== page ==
“Quit Complaining and Whining” – NFL Analyst Has Some Harsh Words for Running Backs Saquon Barkley and Josh Jacobs

The NFL’s running back market, and the lack of movement within it, has been a humungous talking point this offseason.

Tony Pollard, Saquon Barkley, and Josh Jacobs — three top performers a season ago — all got saddled with the franchise tag. Pollard, coming off an injury, accepted. Barkley, after a brief holdout, signed a comparable one-year deal. Jacobs continues to hold out, but most suspect he’ll report to camp eventually. After all, $10 million is better than no million.

Running backs across the league have vocalized their displeasure with the state of the market. And they have a point. Le’Veon Bell famously held out five years ago now for a franchise tag amount that was approximately $3 million richer, and that was after declining a five-year contract offer averaging $14 million annually, per Sports Illustrated.

Running backs are understandably disgruntled about a declining market, but one prominent former player recently spoke out about their complaints.

Mark Schlereth Speaks Out About Running Back Market

Long-time NFL guard and current outspoken analyst Mark Schlereth recently gave his thoughts on the state of the running back market during an appearance on The Rich Eisen Show.

“As far as the running backs having a stupid Zoom meeting and complaining and whining about it. It is what it is; that’s the market. And that’s how market economics work.

“So, quit complaining about it. I don’t remember any star running backs at the time standing up on their podiums, complaining about how unfair it is that the fullbacks were becoming extinct, as long as they were getting theirs.”

Schlereth’s argument isn’t without merit. Just a few short years ago, RBs got paid almost as exorbitantly as their skill-player counterparts. It was only after a few teams got burned by a couple of high-priced backs and their crunchy knees (i.e. Bell and Todd Gurley) that the market value for the position really began to dwindle.

“The one thing that has proven true over the years is that probably the easiest position in football to come out of college, transition to the NFL, and be great is the running back position,” Schlereth said.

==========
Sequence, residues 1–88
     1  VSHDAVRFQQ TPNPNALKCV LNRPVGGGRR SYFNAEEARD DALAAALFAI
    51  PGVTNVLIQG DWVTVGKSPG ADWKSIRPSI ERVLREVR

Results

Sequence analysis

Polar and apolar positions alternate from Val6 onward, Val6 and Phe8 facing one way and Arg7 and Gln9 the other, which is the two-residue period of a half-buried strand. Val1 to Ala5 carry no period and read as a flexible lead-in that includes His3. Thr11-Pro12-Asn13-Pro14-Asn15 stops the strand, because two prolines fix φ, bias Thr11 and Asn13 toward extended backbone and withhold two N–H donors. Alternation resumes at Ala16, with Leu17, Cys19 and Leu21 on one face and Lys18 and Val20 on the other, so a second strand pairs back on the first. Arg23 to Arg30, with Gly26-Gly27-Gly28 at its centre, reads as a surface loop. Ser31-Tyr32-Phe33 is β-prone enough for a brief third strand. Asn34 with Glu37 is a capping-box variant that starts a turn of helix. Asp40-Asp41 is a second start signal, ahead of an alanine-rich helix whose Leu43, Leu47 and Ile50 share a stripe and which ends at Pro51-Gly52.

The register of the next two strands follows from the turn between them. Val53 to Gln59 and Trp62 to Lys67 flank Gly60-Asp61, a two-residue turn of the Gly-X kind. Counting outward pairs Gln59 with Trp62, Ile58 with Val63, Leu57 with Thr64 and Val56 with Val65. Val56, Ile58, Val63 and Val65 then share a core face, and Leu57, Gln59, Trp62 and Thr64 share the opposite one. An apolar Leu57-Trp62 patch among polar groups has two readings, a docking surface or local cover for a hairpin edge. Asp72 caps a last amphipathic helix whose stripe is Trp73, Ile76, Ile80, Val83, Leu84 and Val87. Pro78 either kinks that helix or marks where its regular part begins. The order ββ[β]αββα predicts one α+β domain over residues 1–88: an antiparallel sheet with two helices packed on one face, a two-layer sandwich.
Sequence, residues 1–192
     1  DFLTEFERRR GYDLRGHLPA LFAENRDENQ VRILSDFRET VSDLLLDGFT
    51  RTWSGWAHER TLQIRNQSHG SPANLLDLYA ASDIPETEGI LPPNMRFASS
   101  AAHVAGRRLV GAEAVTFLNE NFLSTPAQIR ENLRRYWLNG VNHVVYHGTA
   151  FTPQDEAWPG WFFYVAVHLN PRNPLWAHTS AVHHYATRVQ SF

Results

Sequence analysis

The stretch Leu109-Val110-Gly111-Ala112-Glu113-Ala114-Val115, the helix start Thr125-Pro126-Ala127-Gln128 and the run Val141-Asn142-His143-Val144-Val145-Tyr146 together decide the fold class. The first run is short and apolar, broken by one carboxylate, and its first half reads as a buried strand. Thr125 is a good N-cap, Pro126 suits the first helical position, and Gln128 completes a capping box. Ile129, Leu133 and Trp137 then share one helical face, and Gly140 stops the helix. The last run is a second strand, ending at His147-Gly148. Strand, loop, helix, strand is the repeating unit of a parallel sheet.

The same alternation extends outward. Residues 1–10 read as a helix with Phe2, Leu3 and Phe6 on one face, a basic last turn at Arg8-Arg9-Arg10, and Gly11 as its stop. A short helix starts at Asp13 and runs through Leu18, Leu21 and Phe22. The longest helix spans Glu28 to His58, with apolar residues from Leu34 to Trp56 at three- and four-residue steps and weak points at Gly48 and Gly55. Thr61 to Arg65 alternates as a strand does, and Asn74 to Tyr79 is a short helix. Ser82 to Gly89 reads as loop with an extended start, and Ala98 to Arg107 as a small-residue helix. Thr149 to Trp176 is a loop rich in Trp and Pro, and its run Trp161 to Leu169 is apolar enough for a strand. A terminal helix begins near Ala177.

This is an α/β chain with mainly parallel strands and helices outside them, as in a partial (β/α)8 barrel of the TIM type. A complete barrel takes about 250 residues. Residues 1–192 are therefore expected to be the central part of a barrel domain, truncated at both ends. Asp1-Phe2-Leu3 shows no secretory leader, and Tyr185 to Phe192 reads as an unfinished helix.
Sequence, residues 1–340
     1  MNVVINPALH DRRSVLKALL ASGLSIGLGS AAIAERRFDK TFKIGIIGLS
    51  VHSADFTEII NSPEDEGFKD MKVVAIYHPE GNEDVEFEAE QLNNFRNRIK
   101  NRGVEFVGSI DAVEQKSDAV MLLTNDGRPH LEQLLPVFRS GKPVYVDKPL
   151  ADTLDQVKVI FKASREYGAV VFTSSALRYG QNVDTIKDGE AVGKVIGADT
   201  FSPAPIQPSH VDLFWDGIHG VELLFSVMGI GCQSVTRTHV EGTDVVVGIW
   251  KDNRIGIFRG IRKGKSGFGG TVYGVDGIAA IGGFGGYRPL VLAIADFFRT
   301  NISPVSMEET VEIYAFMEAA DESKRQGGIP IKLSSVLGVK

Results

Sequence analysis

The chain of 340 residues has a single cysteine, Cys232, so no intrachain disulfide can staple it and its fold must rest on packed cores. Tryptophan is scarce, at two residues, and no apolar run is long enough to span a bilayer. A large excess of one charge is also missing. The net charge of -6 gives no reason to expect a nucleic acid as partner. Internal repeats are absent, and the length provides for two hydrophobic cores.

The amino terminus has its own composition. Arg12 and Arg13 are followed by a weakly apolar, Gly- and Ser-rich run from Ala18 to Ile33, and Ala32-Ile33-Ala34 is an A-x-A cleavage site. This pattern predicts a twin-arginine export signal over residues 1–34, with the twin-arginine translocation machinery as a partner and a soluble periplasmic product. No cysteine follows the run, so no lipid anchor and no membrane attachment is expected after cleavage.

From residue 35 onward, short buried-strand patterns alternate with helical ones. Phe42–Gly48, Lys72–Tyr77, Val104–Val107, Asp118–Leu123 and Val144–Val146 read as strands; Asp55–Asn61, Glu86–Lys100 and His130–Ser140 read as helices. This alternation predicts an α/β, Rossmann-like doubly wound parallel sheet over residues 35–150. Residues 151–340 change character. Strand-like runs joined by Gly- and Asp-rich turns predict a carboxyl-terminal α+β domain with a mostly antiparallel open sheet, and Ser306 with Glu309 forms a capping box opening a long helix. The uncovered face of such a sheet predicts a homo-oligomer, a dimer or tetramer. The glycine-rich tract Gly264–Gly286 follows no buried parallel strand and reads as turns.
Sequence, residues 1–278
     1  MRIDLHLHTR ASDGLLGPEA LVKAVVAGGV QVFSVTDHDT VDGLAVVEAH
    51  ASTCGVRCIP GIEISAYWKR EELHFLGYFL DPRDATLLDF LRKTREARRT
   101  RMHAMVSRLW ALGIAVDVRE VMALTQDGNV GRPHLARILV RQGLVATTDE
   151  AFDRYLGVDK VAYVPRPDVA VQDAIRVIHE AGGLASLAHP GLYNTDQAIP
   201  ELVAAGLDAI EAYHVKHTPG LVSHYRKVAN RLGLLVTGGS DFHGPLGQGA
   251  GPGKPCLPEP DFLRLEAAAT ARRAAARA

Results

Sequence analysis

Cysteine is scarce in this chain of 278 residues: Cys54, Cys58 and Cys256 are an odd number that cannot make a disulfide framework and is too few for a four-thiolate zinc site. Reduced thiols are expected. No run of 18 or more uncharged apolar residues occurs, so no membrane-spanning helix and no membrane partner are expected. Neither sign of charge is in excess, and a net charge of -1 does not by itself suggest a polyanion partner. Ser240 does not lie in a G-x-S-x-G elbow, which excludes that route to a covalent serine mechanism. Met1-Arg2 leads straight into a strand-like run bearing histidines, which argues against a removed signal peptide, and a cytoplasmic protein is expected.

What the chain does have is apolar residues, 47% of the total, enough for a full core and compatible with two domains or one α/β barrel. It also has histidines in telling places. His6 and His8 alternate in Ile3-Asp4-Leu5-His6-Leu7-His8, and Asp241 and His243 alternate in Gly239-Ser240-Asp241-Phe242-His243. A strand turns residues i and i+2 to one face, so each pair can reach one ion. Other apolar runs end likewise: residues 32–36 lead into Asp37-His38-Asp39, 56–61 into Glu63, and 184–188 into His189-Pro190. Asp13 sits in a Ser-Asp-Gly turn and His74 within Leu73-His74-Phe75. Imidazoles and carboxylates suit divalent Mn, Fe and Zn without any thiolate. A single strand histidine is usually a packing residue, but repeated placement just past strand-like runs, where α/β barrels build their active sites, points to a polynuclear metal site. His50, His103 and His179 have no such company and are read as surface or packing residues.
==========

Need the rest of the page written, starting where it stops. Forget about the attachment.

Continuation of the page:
“We’ve seen this on a consistent basis with guys that are drafted in the second, third, fourth round, becoming stars. It’s the nature of the position right now.

“And the running back position is just not one that [NFL teams] value as much because other guys can come in for a much cheaper price and have production. And then two, the injury issues … there’s a reason those guys don’t last long term.”

The durability issue Schlereth mentions is a valid concern. As mentioned, one-time top-end backs like Bell and Gurley wound up missing extended time or, in Gurley’s case, retiring young because of injury. Even now, some of the highest-paid backs in the league, like Barkley and Christian McCaffrey, have missed big chunks of time in their careers.

Sure, backs of that caliber are more impactful when available. But the risk of them missing time as they age always lurks. Most teams prefer to get 75 percent of the production for 25 percent of the cost and allocate those extra dollars elsewhere.

To hear Schlereth tell it, the only option running backs have in this NFL economy is to suck it up and play ball.

“It’s the market. Take the money that’s available to you. Go out there and play great,” he said. “You know, whatever. I don’t have any sympathy, empathy, any of the -athy’s. None of the -athy’s bother me. I don’t care.”

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